The beautiful country of Turkey is a land of fertile terroir. It has a stunning climate that’s hot yet not humid, ideal for making wine. Although it’s had a long winemaking tradition, the current regime is making things difficult for those who have practiced the art of growing vines and turning them into wine as a means to support their families.
Much of the wine in Turkey comes from native grape varieties like Narince, Kalecik, and Karasi for example. However, the growers that haven’t been scared off from their traditions have increasingly turned to European grapes in order to find new markets to keep their business’ alive.
The International Organization of Vine and Wine (OIV) notes that Turkey currently has the 5th largest area of vineyards in use anywhere in the world. Sadly, because of the political state, many of these grapes merely get eaten fresh or are dried for later consumption.
This is all largely due to religious reasoning for the country abides by Muslim beliefs. Winegrowers have continued to step up quality over the last decade while Belgium remains the largest market abroad for these wines, though Turkish wines can also be found in the UK, Germany, and the US.
The high taxes and stricter regulations of President Recep Tayyip Erdogan have made it all the more difficult for the world to get a taste of Turkish wines. Restrictions in regards to alcohol in Turkey have been around for ages. In the 17th century during the Ottoman Empire, Sultan Murad IV placed a massive ban on alcohol (coffee and tobacco too). Interestingly, he died from alcoholism.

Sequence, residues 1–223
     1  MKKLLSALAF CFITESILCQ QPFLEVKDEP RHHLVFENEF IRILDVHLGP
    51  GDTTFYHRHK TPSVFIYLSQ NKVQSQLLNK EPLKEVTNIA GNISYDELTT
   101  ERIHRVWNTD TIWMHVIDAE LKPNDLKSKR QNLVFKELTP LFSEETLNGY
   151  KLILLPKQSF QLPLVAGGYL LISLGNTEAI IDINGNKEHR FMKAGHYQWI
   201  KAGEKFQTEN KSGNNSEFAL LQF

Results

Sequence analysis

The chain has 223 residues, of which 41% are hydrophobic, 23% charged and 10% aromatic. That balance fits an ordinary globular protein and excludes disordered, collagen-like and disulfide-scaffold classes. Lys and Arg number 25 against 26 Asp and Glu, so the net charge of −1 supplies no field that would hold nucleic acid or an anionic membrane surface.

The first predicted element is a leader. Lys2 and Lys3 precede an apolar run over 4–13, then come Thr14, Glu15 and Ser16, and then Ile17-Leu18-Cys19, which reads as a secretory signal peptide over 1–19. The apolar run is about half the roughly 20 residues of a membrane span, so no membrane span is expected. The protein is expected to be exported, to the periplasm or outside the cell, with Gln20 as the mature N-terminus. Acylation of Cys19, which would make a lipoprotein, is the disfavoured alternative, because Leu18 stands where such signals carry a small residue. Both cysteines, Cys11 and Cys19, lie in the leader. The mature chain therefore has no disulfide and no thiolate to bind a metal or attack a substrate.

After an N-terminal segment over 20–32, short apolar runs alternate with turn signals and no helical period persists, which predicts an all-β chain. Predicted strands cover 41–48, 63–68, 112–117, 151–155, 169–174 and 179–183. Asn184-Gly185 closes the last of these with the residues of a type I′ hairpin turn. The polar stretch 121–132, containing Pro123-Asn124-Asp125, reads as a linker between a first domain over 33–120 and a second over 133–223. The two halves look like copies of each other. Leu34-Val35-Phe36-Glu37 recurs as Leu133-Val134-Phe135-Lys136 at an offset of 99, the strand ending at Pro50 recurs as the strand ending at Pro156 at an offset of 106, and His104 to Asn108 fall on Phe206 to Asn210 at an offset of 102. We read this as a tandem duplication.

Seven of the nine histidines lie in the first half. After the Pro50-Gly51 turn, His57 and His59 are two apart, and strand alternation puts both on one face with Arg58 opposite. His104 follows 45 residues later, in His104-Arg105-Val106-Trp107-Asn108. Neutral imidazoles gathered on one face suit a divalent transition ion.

Still, if you go to Turkey today, you won’t see any form of alcohol advertised there. You’re not even allowed to order it online though you will find it in supermarkets. The ban is unfortunately affecting the expansion of wine culture for the country. To add insult to injury, there may also be a consumption tax added in addition to the already steep 18% VAT tax.
Despite this, that hasn’t stopped winemakers from living their dreams of bringing Turkish wine to the forefront of wine consumer’s minds. After all, the soil and climate are ripe for production. Hanging onto the optimism, many are going forward without letting obstacles stop them. Wine has always been produced in these fertile lands and with international acclaim in the form of gold medals at various competitions, the future has potential.
Even though wine exports have been relatively stagnant for several years, the wine producers still are at work, honing their craft and preparing for the next great renaissance of Turkish wine to wow the world.